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Celebrating the Past, Facing the Future of the New York City Ballet at SPAC

Celebrating the Past, Facing the Future of the New York City Ballet at SPAC
The Garland Dance performed by area children on opening night of the New York City Ballet at SPAC
Thomas Dimopoulos

July 10 2013

Peter Martins sat in an easy chair inside of the Gold Room at the Hall of Springs. Across the great lawn of the Saratoga Performing Arts Center, patrons secured their traditional spots and awaited the staging of the opening night performance by the New York City Ballet.

Martins talked about the athleticism of the dancer and how the ballet has changed in the 30 years since he hung up his dance shoes.  "They are better trained and more intense," said the ballet master of the company, a title he has worn since the 1980s as eventual successor to George Balanchine.  "If Mr. B. was to look down, he'd say: What happened? Where did they all come from," he said.  "It's evolution."

On Thursday, Martins' name will be engraved upon a star dedicated at SPAC's Walk of Fame, for his stewardship of "the greatest ballet company in the world," said SPAC President Marcia White.

Pre-performance talk between Jay Rogoff, of Skidmore College, and Ballet Master in Chief Peter Martins

There was a disturbing evolution of a different kind that hung in the warm summer air on opening night in the crowd comprised of local business owners, former city mayors, and long-time ballet patrons.  The glee of the company's return was tempered by a sadness that there may not be many more nights like this in the future. As the summer racing season has grown progressively longer, appearances by the NYCB have been the mirror opposite. The two are not related, but it is a point worth mentioning as an indication that not everything is spiraling in a counter-direction. Patrons will tell you that the ballet is the reason that SPAC was even built, and how community efforts have been initiated to ensure the return of the premier company with its roster of 100 dancers, and which was founded 65 years ago.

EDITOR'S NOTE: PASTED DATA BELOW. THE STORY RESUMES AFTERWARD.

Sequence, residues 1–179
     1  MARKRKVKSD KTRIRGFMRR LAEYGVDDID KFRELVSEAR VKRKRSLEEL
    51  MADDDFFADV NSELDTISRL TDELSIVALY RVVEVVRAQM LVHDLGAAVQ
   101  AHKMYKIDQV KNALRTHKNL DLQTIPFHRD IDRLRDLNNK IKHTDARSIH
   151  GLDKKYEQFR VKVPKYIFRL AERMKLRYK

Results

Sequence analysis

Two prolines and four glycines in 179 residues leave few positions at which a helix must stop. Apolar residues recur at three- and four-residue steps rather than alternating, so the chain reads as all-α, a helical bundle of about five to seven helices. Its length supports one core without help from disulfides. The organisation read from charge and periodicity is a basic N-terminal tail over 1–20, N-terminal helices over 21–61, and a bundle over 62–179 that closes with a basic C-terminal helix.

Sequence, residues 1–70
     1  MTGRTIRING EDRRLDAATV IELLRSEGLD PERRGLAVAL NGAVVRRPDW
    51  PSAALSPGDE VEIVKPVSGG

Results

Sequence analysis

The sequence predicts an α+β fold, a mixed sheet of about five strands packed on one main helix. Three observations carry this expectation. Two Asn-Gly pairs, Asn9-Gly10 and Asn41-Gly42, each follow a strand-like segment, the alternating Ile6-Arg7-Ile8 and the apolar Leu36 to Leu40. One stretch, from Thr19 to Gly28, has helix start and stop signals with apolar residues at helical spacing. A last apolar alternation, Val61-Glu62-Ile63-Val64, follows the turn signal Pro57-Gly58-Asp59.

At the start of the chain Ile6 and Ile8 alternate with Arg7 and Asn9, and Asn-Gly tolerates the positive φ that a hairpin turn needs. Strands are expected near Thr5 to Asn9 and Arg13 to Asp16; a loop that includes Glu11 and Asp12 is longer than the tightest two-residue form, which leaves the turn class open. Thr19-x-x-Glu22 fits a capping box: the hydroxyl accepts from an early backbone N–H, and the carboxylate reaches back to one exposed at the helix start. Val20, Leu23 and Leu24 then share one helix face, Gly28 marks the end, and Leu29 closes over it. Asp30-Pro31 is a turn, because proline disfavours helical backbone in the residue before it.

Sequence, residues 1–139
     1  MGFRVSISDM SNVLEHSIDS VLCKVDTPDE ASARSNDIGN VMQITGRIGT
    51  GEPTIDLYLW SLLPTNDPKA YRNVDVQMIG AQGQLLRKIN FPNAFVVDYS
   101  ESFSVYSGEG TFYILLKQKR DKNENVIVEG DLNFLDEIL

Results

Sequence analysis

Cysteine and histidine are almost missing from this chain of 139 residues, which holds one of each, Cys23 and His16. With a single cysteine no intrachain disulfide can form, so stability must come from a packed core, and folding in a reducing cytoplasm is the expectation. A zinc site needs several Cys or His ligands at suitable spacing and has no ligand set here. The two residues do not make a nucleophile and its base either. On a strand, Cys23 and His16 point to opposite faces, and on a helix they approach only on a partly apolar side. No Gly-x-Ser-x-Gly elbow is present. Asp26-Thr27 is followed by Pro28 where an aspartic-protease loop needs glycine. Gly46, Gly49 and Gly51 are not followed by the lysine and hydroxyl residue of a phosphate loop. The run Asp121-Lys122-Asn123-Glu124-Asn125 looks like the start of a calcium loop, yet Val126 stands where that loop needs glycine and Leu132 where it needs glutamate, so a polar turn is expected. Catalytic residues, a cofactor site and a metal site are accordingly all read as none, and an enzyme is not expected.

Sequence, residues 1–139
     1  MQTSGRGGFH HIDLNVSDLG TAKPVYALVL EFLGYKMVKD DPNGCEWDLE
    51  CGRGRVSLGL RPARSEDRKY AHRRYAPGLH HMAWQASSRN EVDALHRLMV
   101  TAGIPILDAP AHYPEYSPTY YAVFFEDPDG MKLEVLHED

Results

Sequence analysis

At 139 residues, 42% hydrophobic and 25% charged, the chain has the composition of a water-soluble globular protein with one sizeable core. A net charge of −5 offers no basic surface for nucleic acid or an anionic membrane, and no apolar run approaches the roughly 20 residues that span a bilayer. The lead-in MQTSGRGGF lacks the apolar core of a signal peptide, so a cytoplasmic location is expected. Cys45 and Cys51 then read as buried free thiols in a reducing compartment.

Despite their best efforts, the ballet company's three-week summer residency was shortened to two weeks in 2009. This year, the troupe will perform seven shows in only five days, and will return for a similar stretch in 2014.  After that, it's anybody's guess.

SPAC President Marcia White on the big stage on opening night of the New York City Ballet

Organizers cite declining attendance and the resulting financial losses as reasons for the truncated season. Most telling is an apparent shift from what once was commonly considered as the company's summer home, to a simple footnote as part of the NYCB tour alongside venues in Jackson Hole, Wyo., Washington, D.C., and the cities of Tokyo and Osaka, in Japan.

"We love Saratoga," said Martins from atop the stage, greeted by warm applause moments before the curtain was raised to celebrate the company's return to Saratoga for the 48th season. "We just want to come back, and come back, and come back..." he said, his voice trailing off as the sound of music poured out from the orchestra pit and the curtain was raised to open the season.  In the audience, many nodded their heads in hopeful agreement. Then they aimed their binoculars at the stage and for the next few hours, forgot all the melancholy of this world or anything else that may have mattered.

The New York City Ballet will stage seven performances in five days at the Saratoga Performing Arts Center, through Saturday. The National Ballet of Canada performs at the venue July 16-18, the Aspen Santa Fe Ballet July 24-25, and the MOMIX Botanical troupe of dancer-illusionists perform Aug. 1.

In his weekly column, Thomas Dimopoulos takes us down the back streets of Saratoga to bring us the city's best stories.

You can e-mail Thomas, and you can follow him on twitter: @thomdimopoulos



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